Some truths are universal across sales, regardless of the industry. Chief among them? You want to spend your time analyzing data to make better sales, not entering it. You want to use data at your fingertips to get actionable insights. You want this process to be easy, informative, and illuminating. You want to know where opportunities exist and who the decision-makers are to have the best chance of making a sale.
To make this happen, you must engage in strategic account planning to get your sales right. As such, there are some strategic account planning best practices that you must adhere to, particularly in terms of developing an account plan and ensuring that data entry is as efficient as possible within the Salesforce platform.
An account plan is a comprehensive digital file that contains a variety of information, including:
- Basic contact information about the client in question, including contact information, a record of contacts, goals, and order history.
- Notes from team members based on their interaction and research.
- Estimates how much revenue can be generated from the client and the odds of success.
- Next steps for this client.
- Specific details about how to retain this client or improve their revenue.
It is important to remember that strategic account planning isn’t a database. It is a forward-looking document that ensures you know who to contact, what someone may be interested in, and how you can understand and fulfill customer needs. It is customer-centered, has action steps, and holds team members accountable for ensuring that you retain this client and improve your relationship with them.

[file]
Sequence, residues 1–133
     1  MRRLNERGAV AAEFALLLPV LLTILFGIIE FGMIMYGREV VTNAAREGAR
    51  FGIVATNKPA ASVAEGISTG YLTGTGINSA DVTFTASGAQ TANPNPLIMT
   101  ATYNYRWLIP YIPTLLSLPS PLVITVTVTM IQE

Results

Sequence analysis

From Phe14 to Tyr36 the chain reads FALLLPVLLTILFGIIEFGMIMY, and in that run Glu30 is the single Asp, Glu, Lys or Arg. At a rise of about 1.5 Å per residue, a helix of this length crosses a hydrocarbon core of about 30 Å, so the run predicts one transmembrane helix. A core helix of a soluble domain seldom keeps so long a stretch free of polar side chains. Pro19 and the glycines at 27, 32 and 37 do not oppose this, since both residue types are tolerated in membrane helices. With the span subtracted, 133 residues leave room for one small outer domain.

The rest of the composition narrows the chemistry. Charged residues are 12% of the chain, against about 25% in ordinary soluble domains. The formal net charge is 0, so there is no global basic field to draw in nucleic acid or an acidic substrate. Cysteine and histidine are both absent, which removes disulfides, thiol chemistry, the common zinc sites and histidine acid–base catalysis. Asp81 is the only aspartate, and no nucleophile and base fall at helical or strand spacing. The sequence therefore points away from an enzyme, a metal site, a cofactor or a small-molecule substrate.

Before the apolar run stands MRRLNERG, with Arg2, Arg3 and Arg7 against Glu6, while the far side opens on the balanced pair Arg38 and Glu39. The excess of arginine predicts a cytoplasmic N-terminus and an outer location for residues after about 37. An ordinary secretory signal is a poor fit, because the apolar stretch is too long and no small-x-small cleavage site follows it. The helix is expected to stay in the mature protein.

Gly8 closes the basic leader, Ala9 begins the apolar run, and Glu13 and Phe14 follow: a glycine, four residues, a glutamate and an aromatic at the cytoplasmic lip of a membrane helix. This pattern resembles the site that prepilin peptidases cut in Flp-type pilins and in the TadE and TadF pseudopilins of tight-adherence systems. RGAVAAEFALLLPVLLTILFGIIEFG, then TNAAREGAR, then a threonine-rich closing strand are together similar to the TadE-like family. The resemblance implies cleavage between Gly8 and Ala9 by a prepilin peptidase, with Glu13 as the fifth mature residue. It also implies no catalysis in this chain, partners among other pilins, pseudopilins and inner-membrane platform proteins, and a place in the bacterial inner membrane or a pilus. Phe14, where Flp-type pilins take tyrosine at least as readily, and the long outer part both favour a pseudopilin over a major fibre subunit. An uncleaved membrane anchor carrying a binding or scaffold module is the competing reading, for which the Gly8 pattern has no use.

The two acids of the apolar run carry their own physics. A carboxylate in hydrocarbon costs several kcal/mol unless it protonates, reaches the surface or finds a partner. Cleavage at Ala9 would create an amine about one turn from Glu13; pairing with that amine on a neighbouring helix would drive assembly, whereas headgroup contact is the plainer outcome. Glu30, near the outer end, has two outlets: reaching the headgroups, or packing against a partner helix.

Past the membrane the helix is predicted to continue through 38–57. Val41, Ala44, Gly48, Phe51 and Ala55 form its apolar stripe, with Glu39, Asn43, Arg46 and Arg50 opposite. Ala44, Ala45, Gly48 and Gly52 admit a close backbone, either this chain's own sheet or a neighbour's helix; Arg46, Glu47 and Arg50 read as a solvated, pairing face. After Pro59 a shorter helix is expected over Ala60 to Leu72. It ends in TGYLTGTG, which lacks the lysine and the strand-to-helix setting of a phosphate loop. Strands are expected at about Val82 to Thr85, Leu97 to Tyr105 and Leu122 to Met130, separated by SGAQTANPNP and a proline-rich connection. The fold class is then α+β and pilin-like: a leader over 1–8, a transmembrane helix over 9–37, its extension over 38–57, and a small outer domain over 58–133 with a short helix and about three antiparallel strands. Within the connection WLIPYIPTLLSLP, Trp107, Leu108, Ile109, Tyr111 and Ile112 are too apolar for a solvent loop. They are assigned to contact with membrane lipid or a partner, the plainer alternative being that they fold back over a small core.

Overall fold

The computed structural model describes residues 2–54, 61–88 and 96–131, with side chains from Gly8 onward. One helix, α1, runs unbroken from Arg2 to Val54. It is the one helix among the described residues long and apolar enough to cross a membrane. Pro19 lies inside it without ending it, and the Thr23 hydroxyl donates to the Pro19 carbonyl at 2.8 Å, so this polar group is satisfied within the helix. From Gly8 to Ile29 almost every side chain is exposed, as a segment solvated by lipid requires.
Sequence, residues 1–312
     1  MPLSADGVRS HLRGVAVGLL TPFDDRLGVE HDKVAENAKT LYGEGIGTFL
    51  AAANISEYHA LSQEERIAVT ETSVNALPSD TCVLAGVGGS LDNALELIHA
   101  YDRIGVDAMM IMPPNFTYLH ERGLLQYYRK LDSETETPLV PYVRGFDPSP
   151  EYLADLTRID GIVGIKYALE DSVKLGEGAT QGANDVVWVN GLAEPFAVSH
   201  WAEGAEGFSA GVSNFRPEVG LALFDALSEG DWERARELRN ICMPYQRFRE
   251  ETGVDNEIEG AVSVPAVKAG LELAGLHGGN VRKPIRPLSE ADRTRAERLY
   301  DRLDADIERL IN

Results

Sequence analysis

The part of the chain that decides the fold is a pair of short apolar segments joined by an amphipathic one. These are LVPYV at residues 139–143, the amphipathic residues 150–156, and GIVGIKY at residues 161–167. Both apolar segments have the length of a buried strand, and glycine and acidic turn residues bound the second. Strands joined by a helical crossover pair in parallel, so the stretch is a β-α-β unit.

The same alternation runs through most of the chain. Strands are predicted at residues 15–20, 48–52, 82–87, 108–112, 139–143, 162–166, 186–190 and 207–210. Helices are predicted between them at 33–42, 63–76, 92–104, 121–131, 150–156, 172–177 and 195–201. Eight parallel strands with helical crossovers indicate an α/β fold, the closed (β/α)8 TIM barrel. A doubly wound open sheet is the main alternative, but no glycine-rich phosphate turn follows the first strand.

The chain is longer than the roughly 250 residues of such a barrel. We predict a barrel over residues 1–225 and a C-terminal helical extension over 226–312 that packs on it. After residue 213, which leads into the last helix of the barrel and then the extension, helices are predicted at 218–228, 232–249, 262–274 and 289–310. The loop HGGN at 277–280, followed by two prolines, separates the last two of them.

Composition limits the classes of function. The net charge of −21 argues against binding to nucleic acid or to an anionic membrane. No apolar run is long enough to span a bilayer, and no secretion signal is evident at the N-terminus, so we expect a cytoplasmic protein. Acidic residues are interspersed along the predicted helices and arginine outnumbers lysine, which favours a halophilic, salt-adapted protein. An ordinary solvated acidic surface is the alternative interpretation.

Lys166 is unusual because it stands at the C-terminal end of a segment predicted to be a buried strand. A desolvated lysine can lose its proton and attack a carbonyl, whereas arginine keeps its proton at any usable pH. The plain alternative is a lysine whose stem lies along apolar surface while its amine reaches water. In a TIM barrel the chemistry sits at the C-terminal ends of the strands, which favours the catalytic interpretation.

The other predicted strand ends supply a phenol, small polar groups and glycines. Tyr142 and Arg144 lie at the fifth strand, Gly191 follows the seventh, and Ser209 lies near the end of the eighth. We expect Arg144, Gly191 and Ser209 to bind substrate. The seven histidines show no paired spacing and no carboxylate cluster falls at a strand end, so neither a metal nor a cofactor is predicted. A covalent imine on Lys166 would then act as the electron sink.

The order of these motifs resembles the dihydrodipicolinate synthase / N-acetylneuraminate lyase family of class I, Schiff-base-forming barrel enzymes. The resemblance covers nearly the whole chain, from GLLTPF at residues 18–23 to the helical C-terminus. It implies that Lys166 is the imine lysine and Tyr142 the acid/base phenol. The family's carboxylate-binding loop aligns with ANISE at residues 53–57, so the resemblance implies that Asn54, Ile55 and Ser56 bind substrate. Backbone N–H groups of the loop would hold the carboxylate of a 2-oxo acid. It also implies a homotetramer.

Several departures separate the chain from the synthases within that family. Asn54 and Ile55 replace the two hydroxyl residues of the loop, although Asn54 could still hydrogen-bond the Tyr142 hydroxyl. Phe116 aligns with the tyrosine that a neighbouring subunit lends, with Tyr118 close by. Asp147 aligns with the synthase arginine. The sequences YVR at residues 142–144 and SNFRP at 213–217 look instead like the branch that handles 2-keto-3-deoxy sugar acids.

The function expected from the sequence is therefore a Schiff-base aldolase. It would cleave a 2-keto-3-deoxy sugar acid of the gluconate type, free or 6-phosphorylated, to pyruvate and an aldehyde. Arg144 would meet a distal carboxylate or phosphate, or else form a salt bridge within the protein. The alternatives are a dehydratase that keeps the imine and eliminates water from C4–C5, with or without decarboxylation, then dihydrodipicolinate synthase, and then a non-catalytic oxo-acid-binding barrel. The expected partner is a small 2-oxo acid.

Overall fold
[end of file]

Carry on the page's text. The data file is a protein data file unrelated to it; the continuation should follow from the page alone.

Strategic account planning best practices also ensure that the development of a strategic account planning document doesn’t occur in isolation. A plan must connect to the broader company picture, altering company-wide revenue estimates and assigning responsibilities to members throughout your company. It also considers a slew of external factors, like price changes and supply chain disruptions, to ensure that you engage in appropriate forward-thinking to better fulfill client needs.
Every strategic account plan will contain slightly different information. However, account planning best practices usually mean that all account plans will contain at least the following information:
- Internal goals for the client. What do you want to do for this client? Do you want to retain and improve your relationship? Increase revenue? Find new products for them?
- An assignment of duties. Who is the lead team member on this client? Who else is involved?
- A record of contacts that allows you to glean insight into what this client may be interested in.
- Identification of expansion opportunities.
- A comprehensive overview of the client’s business and business model, even if the information recorded doesn’t directly assist in helping you learn what a client is interested in. However, this background information may prove highly useful at a later date.
You may know what an account plan is, but if you don’t understand why it matters, you’re not going to do it. Fortunately, there’s no question about why an account plan and account planning best practices matter deeply. As such, potential reasons include the following: